Food is a right; we deserve access to nutritious, healthy and delicious food no matter who we are. Unfortunately, many in Sheffield are struggling to access food in these difficult times, and winter can worsen this issue as we try to keep up with heating our homes too. Issues with food access are almost always a result of poverty which is invariably caused by a lack of support in education, work and society and is not the fault of the individuals struggling to put food on the table. It is essential to know where to turn when you find it challenging to keep up with your weekly groceries and don’t have anything left in the cupboards.
The Trussell Trust supports a nationwide network of over 1200 food banks and provides emergency food and support to people locked in poverty. If you’re in financial crisis in Sheffield and South Yorkshire, you can call their helpline at 0808 2082138 for free (open Monday to Friday, 9 am-5 pm) to talk confidentially to one of their trained Citizens Advice advisers. They will speak to you about the problems you’re facing and provide support to help you manage your money, navigate the benefits system, and identify any other grants you might be entitled to. Then, if you need one, they’ll issue you with a food bank voucher so you can get an emergency food parcel.
Food Banks & Support in Sheffield
If you would rather speak to someone local, your local food bank can tell you which referral agencies they work with in Sheffield and how you can get a voucher. There are many Trussell Trust-supported food banks in Sheffield and several other community, faith and charitable food banks throughout the city. Check out the Sheffield Food Bank Network website (www.sheffieldfoodbank.org.uk) to find your nearest local food bank. In many cases, you will need a third party who is already supporting you (such as a GP, Social Worker, or tenancy support worker) to make arrangements on your behalf to access a food bank. Sheffield Money Support group also has some fantastic resources to help local people easily find accurate information about money support services in our city. Visit their website for more info (sheffieldmoneysupport.co.uk).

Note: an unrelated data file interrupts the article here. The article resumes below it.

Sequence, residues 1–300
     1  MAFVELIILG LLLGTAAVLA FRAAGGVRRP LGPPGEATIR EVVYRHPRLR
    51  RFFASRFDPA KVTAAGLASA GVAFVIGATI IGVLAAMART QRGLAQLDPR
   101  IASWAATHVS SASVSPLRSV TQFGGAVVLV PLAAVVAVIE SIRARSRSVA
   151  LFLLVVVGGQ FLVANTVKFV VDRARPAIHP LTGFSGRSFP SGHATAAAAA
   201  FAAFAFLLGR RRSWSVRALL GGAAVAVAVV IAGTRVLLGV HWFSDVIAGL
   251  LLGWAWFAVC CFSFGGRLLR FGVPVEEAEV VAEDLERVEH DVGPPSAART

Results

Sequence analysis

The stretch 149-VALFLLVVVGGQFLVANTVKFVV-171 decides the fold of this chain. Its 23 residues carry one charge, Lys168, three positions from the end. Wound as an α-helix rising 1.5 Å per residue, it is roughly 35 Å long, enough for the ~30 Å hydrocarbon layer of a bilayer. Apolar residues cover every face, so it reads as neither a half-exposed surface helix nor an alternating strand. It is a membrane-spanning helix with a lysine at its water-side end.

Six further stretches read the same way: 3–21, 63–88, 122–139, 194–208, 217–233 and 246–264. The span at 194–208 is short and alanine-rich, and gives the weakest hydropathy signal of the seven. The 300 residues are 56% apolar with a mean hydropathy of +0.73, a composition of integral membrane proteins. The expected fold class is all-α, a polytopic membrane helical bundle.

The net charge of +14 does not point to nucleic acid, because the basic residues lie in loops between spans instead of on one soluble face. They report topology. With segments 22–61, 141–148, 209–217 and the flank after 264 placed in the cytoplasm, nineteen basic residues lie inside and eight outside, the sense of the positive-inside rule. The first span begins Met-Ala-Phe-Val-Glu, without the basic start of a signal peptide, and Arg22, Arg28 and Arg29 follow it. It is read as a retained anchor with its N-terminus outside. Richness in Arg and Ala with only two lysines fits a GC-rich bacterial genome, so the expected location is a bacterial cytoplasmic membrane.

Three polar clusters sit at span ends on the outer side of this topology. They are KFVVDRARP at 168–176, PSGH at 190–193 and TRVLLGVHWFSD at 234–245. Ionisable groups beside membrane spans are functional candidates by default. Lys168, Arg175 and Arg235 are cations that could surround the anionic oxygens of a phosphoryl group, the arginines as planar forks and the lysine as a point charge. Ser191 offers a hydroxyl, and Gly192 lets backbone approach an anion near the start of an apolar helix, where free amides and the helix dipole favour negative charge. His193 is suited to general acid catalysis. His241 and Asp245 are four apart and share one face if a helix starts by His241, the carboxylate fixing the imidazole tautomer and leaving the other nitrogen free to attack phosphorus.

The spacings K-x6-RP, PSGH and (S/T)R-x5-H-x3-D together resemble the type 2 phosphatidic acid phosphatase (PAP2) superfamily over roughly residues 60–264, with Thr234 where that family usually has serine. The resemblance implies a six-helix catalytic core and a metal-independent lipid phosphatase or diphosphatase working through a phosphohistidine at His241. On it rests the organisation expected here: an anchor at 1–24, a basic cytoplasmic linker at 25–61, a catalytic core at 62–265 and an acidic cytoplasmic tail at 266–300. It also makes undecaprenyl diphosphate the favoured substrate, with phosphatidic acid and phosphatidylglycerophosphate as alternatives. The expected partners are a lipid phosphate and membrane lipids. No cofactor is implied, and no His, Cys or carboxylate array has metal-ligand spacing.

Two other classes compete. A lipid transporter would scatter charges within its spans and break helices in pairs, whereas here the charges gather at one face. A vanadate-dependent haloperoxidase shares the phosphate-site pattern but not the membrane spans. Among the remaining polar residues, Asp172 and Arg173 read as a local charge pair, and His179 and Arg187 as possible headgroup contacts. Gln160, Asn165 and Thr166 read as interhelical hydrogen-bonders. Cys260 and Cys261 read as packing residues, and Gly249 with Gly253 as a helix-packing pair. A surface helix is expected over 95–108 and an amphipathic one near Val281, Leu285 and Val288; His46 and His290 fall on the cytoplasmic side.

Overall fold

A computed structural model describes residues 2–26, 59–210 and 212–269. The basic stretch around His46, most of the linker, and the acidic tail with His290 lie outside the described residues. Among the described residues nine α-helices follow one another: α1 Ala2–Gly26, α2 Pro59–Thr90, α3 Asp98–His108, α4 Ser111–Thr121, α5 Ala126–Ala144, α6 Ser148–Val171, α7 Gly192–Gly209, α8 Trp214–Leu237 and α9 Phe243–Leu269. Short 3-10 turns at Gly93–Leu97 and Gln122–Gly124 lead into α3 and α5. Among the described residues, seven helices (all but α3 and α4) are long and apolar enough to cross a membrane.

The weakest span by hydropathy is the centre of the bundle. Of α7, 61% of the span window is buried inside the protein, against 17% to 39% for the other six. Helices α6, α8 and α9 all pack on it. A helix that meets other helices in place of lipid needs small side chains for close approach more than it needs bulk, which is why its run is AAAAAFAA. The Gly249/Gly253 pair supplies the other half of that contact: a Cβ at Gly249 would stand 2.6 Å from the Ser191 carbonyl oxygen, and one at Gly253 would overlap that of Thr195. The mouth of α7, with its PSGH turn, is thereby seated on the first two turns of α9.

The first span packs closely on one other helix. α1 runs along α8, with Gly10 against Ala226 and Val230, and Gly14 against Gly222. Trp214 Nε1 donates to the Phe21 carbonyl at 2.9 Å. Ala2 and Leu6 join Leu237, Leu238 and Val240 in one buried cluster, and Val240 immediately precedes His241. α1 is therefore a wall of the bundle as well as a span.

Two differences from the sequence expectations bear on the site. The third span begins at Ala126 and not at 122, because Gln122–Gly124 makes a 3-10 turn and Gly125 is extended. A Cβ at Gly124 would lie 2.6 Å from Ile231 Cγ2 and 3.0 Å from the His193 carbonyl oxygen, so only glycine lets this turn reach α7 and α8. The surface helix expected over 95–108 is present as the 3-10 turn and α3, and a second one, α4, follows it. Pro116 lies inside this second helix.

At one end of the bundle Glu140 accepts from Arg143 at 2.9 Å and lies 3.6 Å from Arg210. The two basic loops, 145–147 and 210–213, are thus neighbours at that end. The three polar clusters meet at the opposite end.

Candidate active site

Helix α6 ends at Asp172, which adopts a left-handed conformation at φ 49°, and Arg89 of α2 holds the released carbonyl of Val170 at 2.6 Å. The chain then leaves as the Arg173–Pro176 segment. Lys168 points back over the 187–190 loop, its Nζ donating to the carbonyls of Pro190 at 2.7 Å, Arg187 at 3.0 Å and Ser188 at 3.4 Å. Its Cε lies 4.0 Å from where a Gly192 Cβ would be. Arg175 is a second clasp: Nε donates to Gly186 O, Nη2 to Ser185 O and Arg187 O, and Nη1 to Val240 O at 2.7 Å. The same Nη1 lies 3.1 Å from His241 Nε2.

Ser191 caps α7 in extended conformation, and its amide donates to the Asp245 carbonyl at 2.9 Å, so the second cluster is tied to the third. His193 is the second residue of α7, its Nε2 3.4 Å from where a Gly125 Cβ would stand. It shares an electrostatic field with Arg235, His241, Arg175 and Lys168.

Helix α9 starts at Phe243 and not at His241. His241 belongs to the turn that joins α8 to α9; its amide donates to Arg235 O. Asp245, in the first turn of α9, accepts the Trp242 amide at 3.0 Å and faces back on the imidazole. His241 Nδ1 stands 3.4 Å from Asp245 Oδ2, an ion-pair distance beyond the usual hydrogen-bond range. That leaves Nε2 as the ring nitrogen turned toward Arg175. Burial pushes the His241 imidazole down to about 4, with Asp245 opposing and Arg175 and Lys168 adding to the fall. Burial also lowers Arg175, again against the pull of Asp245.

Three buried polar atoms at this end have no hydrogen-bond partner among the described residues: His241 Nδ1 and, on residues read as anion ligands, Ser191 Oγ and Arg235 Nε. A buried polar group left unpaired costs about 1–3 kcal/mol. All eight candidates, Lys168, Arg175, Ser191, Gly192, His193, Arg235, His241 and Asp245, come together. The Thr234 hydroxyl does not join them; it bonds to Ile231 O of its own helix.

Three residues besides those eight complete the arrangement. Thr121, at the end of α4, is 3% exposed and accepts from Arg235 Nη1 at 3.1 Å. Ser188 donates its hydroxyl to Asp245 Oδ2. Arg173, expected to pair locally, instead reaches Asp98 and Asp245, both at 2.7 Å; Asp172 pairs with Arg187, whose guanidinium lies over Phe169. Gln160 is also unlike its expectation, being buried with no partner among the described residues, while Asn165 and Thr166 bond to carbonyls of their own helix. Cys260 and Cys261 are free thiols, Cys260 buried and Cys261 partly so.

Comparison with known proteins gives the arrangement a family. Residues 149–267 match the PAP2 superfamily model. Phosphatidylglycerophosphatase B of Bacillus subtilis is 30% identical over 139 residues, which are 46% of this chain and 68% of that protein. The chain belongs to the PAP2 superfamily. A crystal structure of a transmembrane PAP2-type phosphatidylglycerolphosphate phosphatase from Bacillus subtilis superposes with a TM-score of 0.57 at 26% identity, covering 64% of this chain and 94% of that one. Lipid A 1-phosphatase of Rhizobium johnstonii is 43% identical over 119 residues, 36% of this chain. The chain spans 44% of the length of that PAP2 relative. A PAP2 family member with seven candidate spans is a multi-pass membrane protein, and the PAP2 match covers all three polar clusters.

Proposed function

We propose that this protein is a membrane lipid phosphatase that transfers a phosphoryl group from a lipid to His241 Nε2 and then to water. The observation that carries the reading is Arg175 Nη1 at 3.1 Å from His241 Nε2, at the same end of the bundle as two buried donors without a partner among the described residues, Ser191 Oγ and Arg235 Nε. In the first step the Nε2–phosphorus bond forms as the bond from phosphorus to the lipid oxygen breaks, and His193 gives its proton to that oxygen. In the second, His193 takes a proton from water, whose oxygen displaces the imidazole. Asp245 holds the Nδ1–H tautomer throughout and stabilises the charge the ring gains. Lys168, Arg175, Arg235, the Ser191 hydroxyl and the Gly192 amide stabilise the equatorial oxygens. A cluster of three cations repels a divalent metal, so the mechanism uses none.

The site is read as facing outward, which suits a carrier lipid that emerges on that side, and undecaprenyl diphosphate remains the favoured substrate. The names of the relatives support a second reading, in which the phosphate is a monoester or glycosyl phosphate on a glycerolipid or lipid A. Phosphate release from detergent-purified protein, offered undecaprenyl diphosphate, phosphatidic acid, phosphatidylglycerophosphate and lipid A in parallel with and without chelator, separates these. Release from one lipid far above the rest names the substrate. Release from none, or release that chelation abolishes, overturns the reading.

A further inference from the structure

The Food Delivery Project from Foodhall uses food that would otherwise go to waste to produce lovely frozen meals cooked by volunteers and delivered to your house by volunteers on bicycles. You need to live in one of these areas: Arbourthorne, Broomhall, Highfield, Manor or Sharrow, be in need of food support and be referred by a community or health organisation. FDP do not use meat or fish, so all meals are suitable for halal diets. There is no minimum charge for meals, but people are asked to contribute if they can afford it.
If you are looking to reduce costs but are not in an emergency, some fantastic organisations in Sheffield offer low-cost food options for shopping and eating out. The Food Works Sheffield collects and shares surplus food from supermarkets and restaurants. They make all the food they receive available to the local community through a box scheme, their cafés and frozen ready meals ‘Just Meals’. The box scheme and Just Meals are available on a pay-what-you-can-afford basis with a minimum contribution of £1.00 each. With organisations like this, you can access healthy food options without breaking the bank and save food waste from going to the landfill.
Food Sharing Apps
One unusual way you might not have thought to get free or low-cost food is through a food-sharing app. A food-sharing app is used to donate, deliver, and find people who want to participate in food sharing. You can find businesses with surplus food to share that may be going in the bin at the end of the day if not picked up. Some organisations offer their food for free, and others discount it heavily to ensure it is sold. You can download many on the app store to your smartphone for free. Olio is a popular app for free food listings for neighbours and businesses, and there is an active community on it currently in Sheffield.
Talk to friends and family
While it can be challenging to talk to loved ones about financial struggles, it can help you share the load, even if it’s just to have someone to listen to the problems you’re facing. Let friends and family know that you are having difficulties, and they may offer to cook a meal, help with shopping, and reassure you they don’t expect Christmas gifts or for you to spend money on a meal out. Talking about the challenges we face with others can help you feel supported and make our communities more resilient. It can be a tough thing to face, but you should never struggle in silence. Instead, seek support from friends, family, neighbours, colleagues, and your local community and help others when possible. Food is a right; collectively, we can ensure that no one goes hungry this winter.